Ok, deep breath. Drum roll please.
At long last, I present you with the Delvious food blog. Sit back and let me tell you the story of the word delvious.
In standard fashion, I embarked on an overly ambitious soup-cooking project last summer. I spent about an hour chopping pounds of miscellaneous vegetables and put them into two large pots to simmer with a few pounds of split peas. In my quest for copious amounts of leftovers, I had overlooked the fact that dried split peas will grow as they cook…a lot. Two pots had to overflow into a third. Fifteen minutes later, three pots became four. Undaunted, I took advantage of the situation to end up with four differently seasoned split pea soups (and enough leftovers in the freezer to feed a small army).
Whatever does this have to do with delvious??? Well, thanks to my chat history, I can now show you the precise origin of delvious.
[Chit chat with my sister, August 7, 2008]
Melissa: but the soups were good?
me: they were! they ended up turning out well despite the mess, all in all i was very pleased
Melissa: haha yeah there was a lot
me: yes crazy, but delvious
Melissa: i like delvious : )
me: ooooh! we made a word
Melissa: it’s pretty legit
This word needed a definition before it was forgotten as a meaningless typo. Always wanting an excuse to bake gluttonous-sugary-buttery treats, the definition almost came to be “devilishly or sinfully delicious.” However, I conceded “deviously or unexpectedly delicious” is a more necessary and somewhat undefined adjective in the food world.
Delvious foods are already everywhere.
I’m not sure whether food trends have been changing in the past year or if I just take more notice with delvious on the tip of my tongue. Either way, there is a heck of a lot of delvious food out there. It can be hard to get dessert without some sea salt sprinkled on top. Now people are using bacon in everything from cookies to fudge to ice cream. French macarons are a particularly versatile canvas for delvious experimentation. And it hardly needs to be said that molecular gastronomy can epitomize delvious flavors and textures.
These things are always described as “interesting” or “unique” or “avant-garde.” Now I’m adding delvious to that list. Spread the word!
And now Delvious is an official food blog.
- I have no culinary training, and to be quite honest I’m not a great cook even though I enjoy it.
- My judgment skills may not be stellar when I try winging something (see above soup story).
- I have little patience for making things look pretty.
- I’m sort of a perfectionist but I’m kind of lazy; I like the reassurance of using recipes but often cut corners and make substitutions.
- I appreciate fancy complex foods, but I also find great enjoyment in simple traditional foods.
- I read way too many food blogs for my own good.
- I like to think delvious will be important for the food industry (someday).
- I’ve told everyone I know and hopefully they’ve told their friends.
So, now what? I want to reach people I do not know. To accomplish this, the Delvious food blog is born.
Every food blog needs pictures to drool over; you’ve probably noticed mine. Soup would have been a more meaningful recipe for Delvious’s first post, but quite frankly I have no idea what actually happened in any of those four pots (dealing with overflow required serious damage control).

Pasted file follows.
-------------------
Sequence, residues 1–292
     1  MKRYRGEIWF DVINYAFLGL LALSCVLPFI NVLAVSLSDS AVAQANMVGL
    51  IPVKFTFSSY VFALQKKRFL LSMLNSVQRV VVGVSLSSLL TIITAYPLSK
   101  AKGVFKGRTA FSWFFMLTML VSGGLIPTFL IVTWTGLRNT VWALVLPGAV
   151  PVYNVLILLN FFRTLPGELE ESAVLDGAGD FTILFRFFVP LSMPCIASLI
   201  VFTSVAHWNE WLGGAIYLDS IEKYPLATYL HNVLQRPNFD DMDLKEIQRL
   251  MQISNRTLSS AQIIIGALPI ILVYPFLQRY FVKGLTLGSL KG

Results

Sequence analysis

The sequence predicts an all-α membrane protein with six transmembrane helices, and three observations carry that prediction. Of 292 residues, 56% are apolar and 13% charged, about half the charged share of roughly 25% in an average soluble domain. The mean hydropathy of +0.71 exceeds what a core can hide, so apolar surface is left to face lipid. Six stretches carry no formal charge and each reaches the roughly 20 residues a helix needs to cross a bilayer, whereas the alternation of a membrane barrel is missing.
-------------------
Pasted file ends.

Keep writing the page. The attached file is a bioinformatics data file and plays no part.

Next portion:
But I’ve been keeping tabs on delvious recipes for the past year, and this one was relatively inspiring: Peanut Butter Chip Cake with sauerkraut. How could that be delicious? Even I was not really convinced, so I decided to find out for the sake of Delvious.
Peanut butter seems to go with everything: jelly, bananas, chocolate, caramel, marshmallow fluff, honey, celery, cabbage…pickles even? (I swear people used to eat PB&Pickles sandwiches on the blacktop during elementary school lunchtime.) Who would have thought that we were developing our delvious taste buds when we were eating ants-on-a-log in pre-school? If peanut butter really does goes with everything, then it should go with sauerkraut, right?
Having just moved into my new, albeit tiny, apartment, I pulled out my mom’s old KitchenAid mixer and began adding the ingredients. The batter looked ok. It actually smelled quite delicious. It went into the oven and came out smelling even better. The frosting was edible by the spoonful (I wish I could say it too was delvious by definition, but that was essentially just sugar and peanut butter).
I had some friends over to taste test the cake; I told them it was delvious but refused to disclose the secret ingredient until they had tasted a bite. Based on taste, no one was any wiser that sauerkraut was the delvious twist on an otherwise delicious peanut butter chocolate chip cake. If you try this at home, just be sure to rinse very well. This gets rid of the vinegary-sauerkrauty taste and adds moisture to the cake.
Peanut Butter Sauerkraut Cake
2 cups all-purpose flour
1 teaspoon baking soda
1/2 teaspoon salt
1/2 cup butter, room temperature
1/2 cup extra-crunchy, super chunk peanut butter
1 cup granulated sugar
3/4 cup dark brown sugar
1 teaspoon vanilla
1 cup sauerkraut, rinsed, well-drained and finely chopped
1/2 cup mini-semi-sweet chocolate chips plus more for sprinkling on top
Salted, dry-roasted peanuts for topping
2 cups powdered sugar
1/3 cup regular peanut butter
2 Tablespoons butter, room temperature
1/2 teaspoon vanilla
6 Tablespoons boiling water
1. In the bowl of a stand mixer or another large bowl, add all the cake ingredients except the chocolate chips. Beat until well blended. Fold in the chocolate chips.
2. Spread mixture in a greased 9 x 13 baking pan. Bake at 350 degrees for 25 to 30 minutes or until a wooden toothpick inserted in the center comes out clean.
3. After the cake has cooled, combine all frosting ingredients in the bowl of a stand mixer and beat until well blended and easy to spread. Frost the cake and sprinkle with mini chocolate chips and peanuts.